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From The Collaborative International Dictionary of English v.0.48:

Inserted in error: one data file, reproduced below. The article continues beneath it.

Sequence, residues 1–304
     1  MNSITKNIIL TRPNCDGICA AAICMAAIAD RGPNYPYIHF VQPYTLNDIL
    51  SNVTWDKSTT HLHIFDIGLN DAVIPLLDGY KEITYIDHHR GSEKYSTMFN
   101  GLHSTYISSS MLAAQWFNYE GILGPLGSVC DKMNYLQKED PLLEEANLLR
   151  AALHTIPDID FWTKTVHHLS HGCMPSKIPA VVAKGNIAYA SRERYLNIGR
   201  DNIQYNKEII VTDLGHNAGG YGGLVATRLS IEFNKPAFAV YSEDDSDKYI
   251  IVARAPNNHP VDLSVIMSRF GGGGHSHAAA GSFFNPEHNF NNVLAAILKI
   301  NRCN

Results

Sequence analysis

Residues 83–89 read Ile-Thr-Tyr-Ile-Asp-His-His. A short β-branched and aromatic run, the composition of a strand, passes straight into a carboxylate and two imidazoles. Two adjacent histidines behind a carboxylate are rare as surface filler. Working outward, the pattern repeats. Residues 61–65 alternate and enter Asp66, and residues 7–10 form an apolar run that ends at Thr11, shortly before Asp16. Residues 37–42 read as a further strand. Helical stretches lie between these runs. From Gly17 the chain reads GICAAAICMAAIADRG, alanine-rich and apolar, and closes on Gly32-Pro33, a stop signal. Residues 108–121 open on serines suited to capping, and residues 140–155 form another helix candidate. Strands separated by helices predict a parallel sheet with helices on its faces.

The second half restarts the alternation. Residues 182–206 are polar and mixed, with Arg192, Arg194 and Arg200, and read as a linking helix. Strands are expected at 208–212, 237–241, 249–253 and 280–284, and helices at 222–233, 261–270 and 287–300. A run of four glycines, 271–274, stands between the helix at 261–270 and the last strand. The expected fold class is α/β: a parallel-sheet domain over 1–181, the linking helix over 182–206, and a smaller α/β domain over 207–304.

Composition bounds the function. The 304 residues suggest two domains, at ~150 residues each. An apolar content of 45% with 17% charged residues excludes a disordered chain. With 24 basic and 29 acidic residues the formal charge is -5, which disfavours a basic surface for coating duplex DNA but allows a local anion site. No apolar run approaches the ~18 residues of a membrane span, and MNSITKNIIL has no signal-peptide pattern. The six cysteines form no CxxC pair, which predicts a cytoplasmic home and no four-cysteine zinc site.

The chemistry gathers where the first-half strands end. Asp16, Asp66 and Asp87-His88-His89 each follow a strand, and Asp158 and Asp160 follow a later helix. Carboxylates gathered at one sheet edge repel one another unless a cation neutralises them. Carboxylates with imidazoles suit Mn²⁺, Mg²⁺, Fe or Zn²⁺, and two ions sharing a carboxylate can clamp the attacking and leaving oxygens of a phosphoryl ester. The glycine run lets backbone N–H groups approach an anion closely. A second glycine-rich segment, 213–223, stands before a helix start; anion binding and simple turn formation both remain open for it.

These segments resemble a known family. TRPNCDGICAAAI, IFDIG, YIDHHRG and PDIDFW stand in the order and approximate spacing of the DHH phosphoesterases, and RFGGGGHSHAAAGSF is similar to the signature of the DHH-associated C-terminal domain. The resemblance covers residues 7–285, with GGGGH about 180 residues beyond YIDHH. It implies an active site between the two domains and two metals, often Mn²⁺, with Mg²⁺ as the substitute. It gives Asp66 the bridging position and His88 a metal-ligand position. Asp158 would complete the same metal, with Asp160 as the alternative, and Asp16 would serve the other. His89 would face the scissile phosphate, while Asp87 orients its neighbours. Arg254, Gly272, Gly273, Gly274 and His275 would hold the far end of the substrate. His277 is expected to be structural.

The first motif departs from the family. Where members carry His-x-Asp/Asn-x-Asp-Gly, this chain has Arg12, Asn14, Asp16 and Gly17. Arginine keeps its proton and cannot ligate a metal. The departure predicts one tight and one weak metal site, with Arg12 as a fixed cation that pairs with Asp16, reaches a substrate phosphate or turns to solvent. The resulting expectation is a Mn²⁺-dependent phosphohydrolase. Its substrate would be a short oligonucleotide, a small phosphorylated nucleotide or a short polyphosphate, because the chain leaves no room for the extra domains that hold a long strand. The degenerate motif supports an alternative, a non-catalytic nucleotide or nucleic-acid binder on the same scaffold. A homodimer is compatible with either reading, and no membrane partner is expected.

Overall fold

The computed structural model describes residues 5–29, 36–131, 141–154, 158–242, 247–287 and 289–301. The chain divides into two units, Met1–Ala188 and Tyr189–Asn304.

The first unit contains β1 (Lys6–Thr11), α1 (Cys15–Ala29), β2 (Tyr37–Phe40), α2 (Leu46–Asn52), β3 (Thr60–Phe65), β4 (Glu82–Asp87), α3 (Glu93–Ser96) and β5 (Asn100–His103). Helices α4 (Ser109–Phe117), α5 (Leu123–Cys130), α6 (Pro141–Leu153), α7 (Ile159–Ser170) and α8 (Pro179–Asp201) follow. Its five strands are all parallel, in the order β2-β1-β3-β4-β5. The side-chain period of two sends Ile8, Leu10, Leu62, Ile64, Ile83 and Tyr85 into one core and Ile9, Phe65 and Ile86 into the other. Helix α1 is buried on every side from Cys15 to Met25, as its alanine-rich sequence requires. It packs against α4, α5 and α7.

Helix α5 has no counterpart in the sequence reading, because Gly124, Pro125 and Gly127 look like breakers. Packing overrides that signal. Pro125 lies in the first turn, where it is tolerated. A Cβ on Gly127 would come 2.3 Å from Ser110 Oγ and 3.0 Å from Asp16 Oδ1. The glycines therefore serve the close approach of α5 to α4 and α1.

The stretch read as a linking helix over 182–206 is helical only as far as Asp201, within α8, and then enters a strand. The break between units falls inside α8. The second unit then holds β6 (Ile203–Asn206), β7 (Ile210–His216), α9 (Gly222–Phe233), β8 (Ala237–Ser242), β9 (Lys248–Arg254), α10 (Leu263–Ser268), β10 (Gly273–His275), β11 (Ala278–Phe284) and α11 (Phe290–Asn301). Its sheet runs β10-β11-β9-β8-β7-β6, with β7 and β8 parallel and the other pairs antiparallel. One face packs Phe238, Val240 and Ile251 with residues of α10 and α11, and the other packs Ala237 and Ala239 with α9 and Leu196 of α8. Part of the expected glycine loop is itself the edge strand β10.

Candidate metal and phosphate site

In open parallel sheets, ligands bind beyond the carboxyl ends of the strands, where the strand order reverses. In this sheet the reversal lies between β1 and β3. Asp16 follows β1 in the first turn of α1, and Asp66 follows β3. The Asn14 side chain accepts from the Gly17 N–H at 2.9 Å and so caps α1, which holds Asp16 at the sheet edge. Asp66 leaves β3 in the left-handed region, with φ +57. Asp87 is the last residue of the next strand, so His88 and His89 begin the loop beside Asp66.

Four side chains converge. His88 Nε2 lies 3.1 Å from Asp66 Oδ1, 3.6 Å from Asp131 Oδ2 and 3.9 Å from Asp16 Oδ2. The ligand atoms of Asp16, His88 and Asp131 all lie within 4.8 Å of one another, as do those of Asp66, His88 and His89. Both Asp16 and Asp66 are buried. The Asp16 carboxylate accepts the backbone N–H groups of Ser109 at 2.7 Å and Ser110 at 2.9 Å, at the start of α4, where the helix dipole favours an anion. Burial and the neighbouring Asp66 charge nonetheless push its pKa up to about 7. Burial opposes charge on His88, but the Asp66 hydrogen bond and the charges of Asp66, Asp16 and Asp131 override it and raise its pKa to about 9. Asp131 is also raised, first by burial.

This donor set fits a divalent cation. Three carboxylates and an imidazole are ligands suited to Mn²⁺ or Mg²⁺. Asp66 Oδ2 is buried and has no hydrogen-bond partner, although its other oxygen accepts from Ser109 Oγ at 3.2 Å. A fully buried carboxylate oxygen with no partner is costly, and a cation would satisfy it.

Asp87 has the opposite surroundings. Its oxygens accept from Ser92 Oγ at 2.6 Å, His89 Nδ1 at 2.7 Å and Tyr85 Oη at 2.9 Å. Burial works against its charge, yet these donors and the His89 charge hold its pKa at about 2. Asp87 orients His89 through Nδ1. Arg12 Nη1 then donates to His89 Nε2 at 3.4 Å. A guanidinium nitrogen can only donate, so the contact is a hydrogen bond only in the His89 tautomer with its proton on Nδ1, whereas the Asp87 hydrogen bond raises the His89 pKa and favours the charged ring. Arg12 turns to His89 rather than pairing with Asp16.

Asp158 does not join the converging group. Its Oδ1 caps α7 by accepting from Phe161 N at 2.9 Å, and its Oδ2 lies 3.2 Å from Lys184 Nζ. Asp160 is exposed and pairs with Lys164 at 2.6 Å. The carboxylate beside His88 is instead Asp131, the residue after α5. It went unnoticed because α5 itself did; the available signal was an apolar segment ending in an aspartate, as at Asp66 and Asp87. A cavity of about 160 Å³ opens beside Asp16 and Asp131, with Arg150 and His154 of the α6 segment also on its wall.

Near \Near\, a. [Compar. Nearer; superl. Nearest.] [See Near, adv.] 1. Not far distant in time, place, or degree; not remote; close at hand; adjacent; neighboring; nigh. "As one near death." --Shak. [1913 Webster] He served great Hector, and was ever near, Not with his trumpet only, but his spear. --Dryden. [1913 Webster] 2. Closely connected or related. [1913 Webster] She is thy father's near kinswoman. --Lev. xviii. 12. [1913 Webster] 3. Close to one's interests, affection, etc.; touching, or affecting intimately; intimate; dear; as, a near friend. [1913 Webster] 4. Close to anything followed or imitated; not free, loose, or rambling; as, a version near to the original. [1913 Webster] 5. So as barely to avoid or pass injury or loss; close; narrow; as, a near escape; a near miss. [1913 Webster] 6. Next to the driver, when he is on foot; in the Unted States, on the left of an animal or a team; as, the near ox; the near leg. See Off side, under Off, a. [1913 Webster] 7. Immediate; direct; close; short. "The nearest way." --Milton. [1913 Webster] 8. Close-fisted; parsimonious. [Obs. or Low, Eng.] [1913 Webster] Note: Near may properly be followed by to before the thing approached; but more frequently to is omitted, and the adjective or the adverb is regarded as a preposition. The same is also true of the word nigh. [1913 Webster] Syn: Nigh; close; adjacent; proximate; contiguous; present; ready; intimate; familiar; dear. [1913 Webster]